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Care at the Close of Life: Evidence and Experience
Stephen J. McPhee, Margaret A. Winker, Michael W. Rabow, Steven Z. Pantilat, Amy J. Markowitz
Part B Symptom Management
Chapter 6. Management of Dyspnea in Patients With Far-Advanced Lung Disease: “Once I Lose It, It’s Kind of Hard to Catch It…”
John M. Luce, MD, Judith A. Luce, MD
Patients with chronic lung disease have an increased minute ventilation at rest and during...

Topics Discussed: benzodiazepines, dyspnea, lung diseases, lung volume reduction, opioids, oxygen therapy, pulmonary rehabilitation, respiratory muscles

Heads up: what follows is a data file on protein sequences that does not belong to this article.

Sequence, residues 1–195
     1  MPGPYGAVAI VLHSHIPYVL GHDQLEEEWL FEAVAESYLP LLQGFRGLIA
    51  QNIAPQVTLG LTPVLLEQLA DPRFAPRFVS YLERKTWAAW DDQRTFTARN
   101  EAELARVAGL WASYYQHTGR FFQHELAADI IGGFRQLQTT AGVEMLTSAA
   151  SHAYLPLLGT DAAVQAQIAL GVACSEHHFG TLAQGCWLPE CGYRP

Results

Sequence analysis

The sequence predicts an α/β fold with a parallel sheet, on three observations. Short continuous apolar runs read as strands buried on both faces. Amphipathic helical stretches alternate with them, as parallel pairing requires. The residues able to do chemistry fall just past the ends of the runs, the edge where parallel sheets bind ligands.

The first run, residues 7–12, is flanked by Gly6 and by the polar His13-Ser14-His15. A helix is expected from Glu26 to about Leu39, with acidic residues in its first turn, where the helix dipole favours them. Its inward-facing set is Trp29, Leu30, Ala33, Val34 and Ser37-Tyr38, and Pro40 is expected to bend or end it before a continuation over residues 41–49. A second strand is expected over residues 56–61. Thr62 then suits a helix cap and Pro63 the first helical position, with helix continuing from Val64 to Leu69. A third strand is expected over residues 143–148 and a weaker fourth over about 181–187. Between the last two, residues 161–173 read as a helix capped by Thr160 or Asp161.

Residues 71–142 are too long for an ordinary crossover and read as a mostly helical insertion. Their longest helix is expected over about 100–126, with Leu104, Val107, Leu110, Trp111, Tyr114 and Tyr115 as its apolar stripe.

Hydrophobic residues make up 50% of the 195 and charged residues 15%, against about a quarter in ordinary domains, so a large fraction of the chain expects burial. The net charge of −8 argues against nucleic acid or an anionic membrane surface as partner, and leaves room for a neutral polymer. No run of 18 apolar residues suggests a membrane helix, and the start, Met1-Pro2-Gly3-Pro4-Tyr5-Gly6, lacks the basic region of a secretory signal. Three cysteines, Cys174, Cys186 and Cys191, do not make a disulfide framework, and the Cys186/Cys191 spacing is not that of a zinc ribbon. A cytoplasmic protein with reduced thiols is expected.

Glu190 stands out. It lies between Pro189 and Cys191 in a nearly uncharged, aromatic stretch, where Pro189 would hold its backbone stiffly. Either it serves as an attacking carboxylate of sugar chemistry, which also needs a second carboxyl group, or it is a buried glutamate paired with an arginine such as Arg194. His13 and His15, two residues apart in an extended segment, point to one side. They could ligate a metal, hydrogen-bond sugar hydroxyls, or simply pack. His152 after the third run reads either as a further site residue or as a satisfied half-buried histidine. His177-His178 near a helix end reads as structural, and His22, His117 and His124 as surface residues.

Excerpt: "In general, the most effective way to reduce dyspnea is to treat either the primary lung disease or the secondary illnesses responsible for breathlessness. This principle is particularly relevant in the early stages of lung disease, when various interventions are more likely to be productive and preferred by the patient, as in the ambulatory patient with COPD described here. However, as the disease becomes further advanced, specific therapies should be superseded by supportive measures, such as supplemental oxygen and opioids. The following section outlines these measures using the pathophysiologic approach developed by the American Thoracic Society.2Impedance is resistance to air movement in the lungs. It increases in patients with COPD because their airways are narrowed and their lung elastance is reduced and in patients with interstitial fibrosis because their lung parenchyma is infiltrated. As described by the American Thoracic Society,24 airways obstruction in patients with COPD traditionally has been treated with smoking cessation and pharmacologic therapy, which typically includes inhaled 2-agonists, inhaled anticholinergics, and inhaled and systemic corticosteroids. Inhaled corticosteroids have been shown to reduce dyspnea when given over the long term in patients with COPD.25 Furthermore, treatment with systemic corticosteroids results in acute improvement in clinical outcomes among patients hospitalized with COPD exacerbations.26 Nevertheless, neither inhaled nor systemic corticosteroids have been demonstrated to slow the rate of decline in patients' lung function, and systemic corticosteroids in particular can cause mood changes, muscle weakness, immunosuppression, osteoporosis, and other adverse effects. In light of these effects, systemic corticosteroids should be administered on a trial basis and should not be continued if they burden patients more than they benefit them...."
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